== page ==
The Life Of A Scholar, LLC.
We Help Students Transition to Scholars
Experienced Educational Coach and Consultant
The Life Of A Scholar, LLC. is an educational coaching and consulting firm that helps students transition to scholars through a variety of services including:
* College and Graduate School Preparation Coaching
* Scholarship and Fellowship Coaching
* Dissertation Coaching
* Job Coaching
Dr. Callie Womble Edwards - affectionally called Dr. Callie - founded The Life Of A Scholar, LLC. on February 12, 2015, as a way to "pay forward" the extraordinary enrichment opportunities she has benefited from. Dr. Callie is a first-generation college student who earned her Ph.D. at the age of 27 with a 4.0 GPA. She completely funded her undergraduate, graduate, and doctorate degrees with scholarships and grants, leaving her with no student loan debt.
Dr. Callie's specialties are helping students to:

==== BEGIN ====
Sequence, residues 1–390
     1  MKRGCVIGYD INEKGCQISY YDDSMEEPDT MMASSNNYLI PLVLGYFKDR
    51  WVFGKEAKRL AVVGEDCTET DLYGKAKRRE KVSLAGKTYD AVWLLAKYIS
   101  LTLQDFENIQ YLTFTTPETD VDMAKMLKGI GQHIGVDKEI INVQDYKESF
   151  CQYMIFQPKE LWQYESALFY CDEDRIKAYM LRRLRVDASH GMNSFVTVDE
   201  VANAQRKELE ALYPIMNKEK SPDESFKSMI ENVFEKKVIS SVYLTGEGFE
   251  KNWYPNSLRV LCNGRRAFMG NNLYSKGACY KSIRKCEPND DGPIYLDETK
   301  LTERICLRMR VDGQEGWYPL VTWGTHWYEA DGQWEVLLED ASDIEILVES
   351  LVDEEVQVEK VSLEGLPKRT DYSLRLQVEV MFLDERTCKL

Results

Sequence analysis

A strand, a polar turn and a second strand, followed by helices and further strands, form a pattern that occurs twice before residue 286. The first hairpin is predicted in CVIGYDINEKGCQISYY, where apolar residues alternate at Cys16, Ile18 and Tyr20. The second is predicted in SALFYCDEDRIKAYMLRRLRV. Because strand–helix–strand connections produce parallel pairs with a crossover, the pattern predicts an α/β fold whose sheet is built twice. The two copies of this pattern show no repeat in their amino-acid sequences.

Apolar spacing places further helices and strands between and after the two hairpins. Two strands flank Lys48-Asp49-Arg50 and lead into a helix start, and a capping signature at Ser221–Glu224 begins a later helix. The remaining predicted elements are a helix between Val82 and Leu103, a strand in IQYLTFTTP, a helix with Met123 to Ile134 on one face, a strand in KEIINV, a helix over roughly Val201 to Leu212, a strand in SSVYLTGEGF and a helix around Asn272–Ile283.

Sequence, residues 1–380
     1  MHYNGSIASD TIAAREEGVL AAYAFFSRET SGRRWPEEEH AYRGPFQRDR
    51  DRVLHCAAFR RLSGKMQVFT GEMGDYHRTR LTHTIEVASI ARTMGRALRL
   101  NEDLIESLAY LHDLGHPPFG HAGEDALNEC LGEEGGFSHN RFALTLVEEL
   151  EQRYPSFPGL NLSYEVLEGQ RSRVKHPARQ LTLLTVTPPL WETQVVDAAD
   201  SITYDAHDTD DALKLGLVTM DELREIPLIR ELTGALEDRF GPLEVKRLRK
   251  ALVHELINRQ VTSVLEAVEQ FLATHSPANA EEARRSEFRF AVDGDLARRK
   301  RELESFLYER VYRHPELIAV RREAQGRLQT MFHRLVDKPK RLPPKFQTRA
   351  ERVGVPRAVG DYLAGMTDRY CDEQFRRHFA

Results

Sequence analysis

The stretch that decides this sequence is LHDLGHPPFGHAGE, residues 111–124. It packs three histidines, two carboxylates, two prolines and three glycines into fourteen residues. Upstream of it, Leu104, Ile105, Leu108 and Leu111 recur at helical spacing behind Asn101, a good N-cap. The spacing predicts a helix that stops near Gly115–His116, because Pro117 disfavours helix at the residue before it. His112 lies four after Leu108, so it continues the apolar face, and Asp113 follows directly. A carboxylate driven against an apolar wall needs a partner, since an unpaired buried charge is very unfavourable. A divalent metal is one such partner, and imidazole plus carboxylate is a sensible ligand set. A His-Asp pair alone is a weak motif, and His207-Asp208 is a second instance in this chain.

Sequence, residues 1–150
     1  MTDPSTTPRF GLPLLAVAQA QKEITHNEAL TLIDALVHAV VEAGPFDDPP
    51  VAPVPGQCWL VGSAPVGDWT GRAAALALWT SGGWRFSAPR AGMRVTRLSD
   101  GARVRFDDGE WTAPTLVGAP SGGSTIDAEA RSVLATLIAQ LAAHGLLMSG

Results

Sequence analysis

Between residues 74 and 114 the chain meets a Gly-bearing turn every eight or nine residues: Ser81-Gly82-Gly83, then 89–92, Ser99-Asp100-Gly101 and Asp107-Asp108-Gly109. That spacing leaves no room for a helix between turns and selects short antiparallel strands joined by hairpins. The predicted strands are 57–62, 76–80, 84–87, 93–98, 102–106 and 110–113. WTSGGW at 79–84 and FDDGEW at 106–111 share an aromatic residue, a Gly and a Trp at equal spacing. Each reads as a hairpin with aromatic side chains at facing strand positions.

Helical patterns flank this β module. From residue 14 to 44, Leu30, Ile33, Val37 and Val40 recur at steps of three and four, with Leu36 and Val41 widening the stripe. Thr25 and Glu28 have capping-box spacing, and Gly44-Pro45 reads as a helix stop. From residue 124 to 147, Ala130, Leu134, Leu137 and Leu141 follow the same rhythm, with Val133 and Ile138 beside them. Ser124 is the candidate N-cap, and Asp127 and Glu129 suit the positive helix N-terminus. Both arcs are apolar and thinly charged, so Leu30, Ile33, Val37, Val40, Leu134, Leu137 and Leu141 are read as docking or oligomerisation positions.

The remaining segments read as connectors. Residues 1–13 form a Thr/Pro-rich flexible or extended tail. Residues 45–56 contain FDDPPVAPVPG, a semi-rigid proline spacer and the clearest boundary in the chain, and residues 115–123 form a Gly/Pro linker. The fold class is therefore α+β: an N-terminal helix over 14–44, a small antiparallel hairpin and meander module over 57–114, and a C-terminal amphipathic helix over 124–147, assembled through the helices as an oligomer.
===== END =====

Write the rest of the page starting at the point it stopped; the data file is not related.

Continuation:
(1) identify and apply for their ideal undergraduate or graduate programs,
(2) identify and apply for scholarships and fellowships to help fund their studies,
(3) complete their dissertations, and
(4) secure and thrive in jobs they love!
Scholar News & Tips
Since launching in 2015, The Life Of A Scholar, LLC. has been happily sharing scholar tips and helpful resources with clients and with the greater community. We believe that everybody, not just our loyal clients, should have access to the information and tools that will lead to more fulfilling academic and career pursuits. We post stories and resources below. Check them out and contact us if you want to learn more.
Overcoming Imposter Syndrome and Stereotype Threat: Reconceptualizing the Definition of a Scholar
In this critical autoethnography I (Dr. Callie) explore the theoretical underpinnings of the imposter syndrome, stereotype threat, and intersectionality to give voice to my lived experiences as a young, Black woman in the predominately middle-aged, White, male academy. While retelling the stories of both my childhood and young adulthood, I speak my truth while connecting theory to praxis. I also explain how I overcame imposter syndrome and stereotype threat by reconceptualizing the definition of a scholar. In the spirit of the opening quote from Audre Lorde, I had to define myself for myself to both survive and thrive. Finally, I offer several recommendations for women of color to consider as they navigate their own space and place in the elusive ivory tower.